Bots

Ever wish you could walk around the office with an army of robots to do your bidding?

Bumblebee, snap a photo of that whiteboard and make sure everyone gets a copy.
Sideswipe, find a good time for me to meet with Mike and Jason.
Jazz, stop pushing all the buttons in the elevator!

Okay, actual robots might be impractical. Spark Bots, on the other hand, are the way to create machine accounts that can automate routine tasks and inject contextual content into meetings and group conversations.

Bots vs Integrations

Before diving in we should clarify some terminology.

If you're logged in to the developer portal, you should see the My Apps section. My Apps contains two concepts: Integrations and Bots.

Integrations invoke the Spark APIs on behalf of other Spark users. Integrations use an OAuth Grant Flow to authenticate Spark users and authorize the use of an application with their Spark account. See the Integrations guide for more information.

Bots differ from Integrations in that they appear as their own users and post content on their own behalf. In group rooms, Bots look like People and are, in many ways, just like regular users.

Creating a Spark Bot Account

Creating a Spark Bot is super easy. From the My Apps section, click on the plus sign and choose Create a Bot from the wizard. You'll be asked to provide some basic information about the Spark Bot: display name, username and icon. These fields are end-user facing, so make them as descriptive as possible. Only the bot's "first name" will be shown when mentioned in messages, so try to avoid spaces in the display name.

Once you've filled out the registration form click Add Bot and if everything goes smoothly you're all set!

The bot's Access Token will only be displayed once. Make sure to scroll down on the confirmation page, copy the token and keep it somewhere safe. If you misplace it, you can always generate a new one by finding the bot in My Apps and selecting "Regenerate Access Token" from the edit page.

Types of Spark Bots

Bots come in all different shapes and sizes. Some common types are:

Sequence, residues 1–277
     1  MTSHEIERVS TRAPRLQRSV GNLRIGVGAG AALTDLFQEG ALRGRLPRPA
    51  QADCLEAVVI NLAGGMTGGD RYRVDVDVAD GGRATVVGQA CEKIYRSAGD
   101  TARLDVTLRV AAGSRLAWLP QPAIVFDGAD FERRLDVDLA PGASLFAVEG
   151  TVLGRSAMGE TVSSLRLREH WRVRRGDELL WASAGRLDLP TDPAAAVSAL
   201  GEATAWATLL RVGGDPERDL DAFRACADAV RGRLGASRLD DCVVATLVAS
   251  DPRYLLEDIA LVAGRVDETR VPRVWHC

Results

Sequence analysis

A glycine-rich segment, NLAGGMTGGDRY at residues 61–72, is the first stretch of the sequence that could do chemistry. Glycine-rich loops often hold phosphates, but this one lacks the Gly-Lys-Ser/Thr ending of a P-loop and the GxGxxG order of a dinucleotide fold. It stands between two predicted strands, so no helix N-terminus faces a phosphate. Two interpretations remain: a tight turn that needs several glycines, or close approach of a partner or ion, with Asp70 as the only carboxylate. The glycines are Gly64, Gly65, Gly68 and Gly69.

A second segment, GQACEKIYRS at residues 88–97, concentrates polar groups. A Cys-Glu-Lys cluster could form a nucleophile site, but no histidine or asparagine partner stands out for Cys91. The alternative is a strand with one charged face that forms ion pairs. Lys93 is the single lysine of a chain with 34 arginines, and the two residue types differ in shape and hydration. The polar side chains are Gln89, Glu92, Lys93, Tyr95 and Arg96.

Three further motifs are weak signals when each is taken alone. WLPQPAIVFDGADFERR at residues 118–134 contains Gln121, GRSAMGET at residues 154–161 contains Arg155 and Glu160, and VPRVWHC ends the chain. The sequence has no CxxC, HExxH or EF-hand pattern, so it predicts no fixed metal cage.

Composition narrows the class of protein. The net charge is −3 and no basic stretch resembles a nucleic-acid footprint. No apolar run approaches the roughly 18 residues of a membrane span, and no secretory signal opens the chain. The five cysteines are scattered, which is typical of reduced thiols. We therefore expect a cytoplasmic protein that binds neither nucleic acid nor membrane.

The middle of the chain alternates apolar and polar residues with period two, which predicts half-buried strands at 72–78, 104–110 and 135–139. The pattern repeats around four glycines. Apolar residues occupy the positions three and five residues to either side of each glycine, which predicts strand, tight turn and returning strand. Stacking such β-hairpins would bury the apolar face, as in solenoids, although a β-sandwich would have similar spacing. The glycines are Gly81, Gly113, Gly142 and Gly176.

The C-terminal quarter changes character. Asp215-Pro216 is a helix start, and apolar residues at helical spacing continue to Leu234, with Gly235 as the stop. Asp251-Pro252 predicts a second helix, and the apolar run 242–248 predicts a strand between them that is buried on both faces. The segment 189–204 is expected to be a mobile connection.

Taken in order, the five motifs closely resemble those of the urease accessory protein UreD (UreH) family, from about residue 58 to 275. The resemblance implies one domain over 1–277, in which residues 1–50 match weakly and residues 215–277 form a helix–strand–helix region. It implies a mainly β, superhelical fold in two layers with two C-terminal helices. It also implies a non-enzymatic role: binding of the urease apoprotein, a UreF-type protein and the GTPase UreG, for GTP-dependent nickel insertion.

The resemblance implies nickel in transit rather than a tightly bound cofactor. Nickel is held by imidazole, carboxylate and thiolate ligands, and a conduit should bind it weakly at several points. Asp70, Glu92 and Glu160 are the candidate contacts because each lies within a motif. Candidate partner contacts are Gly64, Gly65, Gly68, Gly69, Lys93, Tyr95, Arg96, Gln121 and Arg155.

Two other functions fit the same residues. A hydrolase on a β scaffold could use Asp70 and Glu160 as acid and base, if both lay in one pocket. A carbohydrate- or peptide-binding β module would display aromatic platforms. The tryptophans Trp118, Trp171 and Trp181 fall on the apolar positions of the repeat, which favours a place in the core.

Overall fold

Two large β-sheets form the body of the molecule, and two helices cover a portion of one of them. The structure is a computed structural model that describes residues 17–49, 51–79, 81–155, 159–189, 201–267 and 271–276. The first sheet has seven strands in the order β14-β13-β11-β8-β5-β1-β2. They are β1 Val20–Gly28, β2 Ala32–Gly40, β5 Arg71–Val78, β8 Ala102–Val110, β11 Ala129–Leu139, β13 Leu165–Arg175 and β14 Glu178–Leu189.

Notifiers

Notifier bots typically respond to events in external services and post a summary in Spark. For example, a GitHub Bot may listen for commits on a particular repo and post the committer's name and comment into a team room set aside for this purpose. Or a Deal Bot that lives in an account-specific room and posts updates from a CRM along with relevant news about the company like a product launch or earnings report.

Controllers

Controller bots act as a text-based remote control for external services. For example, a JIRA Bot may allow software engineers and product managers to control or query information from the popular bug tracking system JIRA, all from the comfort of a Spark room.

Controller bots are generally passive, waiting for someone in the room to issue a command. In group rooms, bots can only see messages in which they are mentioned (1:1 rooms bots can see all messages as they are automatically "mentioned"). Your users are required to mention the bot preceding the command like @jira find WEBSITE-22 where @jira is the bot's name.

Currently, the Spark SDK does not have support for extracting commands. You'll need to parse it out after the mention. Future versions of the Spark SDK will have built-in support for commands. Keep your eyes on the blog for updates.

Assistants

Virtual assistants are the holy grail of chatbots. At minimum, an assistant should understand natural language, allowing the user to ask it questions as they would to a human.

Recent advancements in NLP (Natural Language Processing) have made understanding natural language requests not only possible, but quite accessible to the average developer. Most notably, Google launched Google Cloud Natural Language API in the summer of 2016, providing syntax parsing, sentiment analysis and deep noun classification.

Responding to natural language is a good first step but a truly exceptional assistant bot will be conversational, using past interactions to contextualize the most recent query. This is a very complex problem domain; luckily there are companies like API.ai providing a conversational platform built specifically for chat bots.

Differences between Bots and People

One key difference between Spark Bots and regular users is that, in group rooms, bots only have access to messages in which they are mentioned. This means that messages:created webhooks only fire when the bot is mentioned in a room.

Also, GET /messages requires that you specify a special ?mentionedPeople=me query parameter.

GET /messages?mentionedPeople=me&roomId=SOME_INTERESTING_ROOM
Authorization: Bearer THE_BOTS_ACCESS_TOKEN

Bot Frameworks & Tools

Nick Marus over at Presidio has written an awesome Spark Bot framework called flint.

You can now develop bots for Cisco Spark using the Botkit framework! Botkit is a popular open source bot framework with advanced conversational support as well as integrations with a comprehensive array of natural language processing and storage providers. You can get started with Botkit by cloning the Cisco Spark Botkit Starter Kit.

Keep your eyes on our blog for updates and other community-supported tools!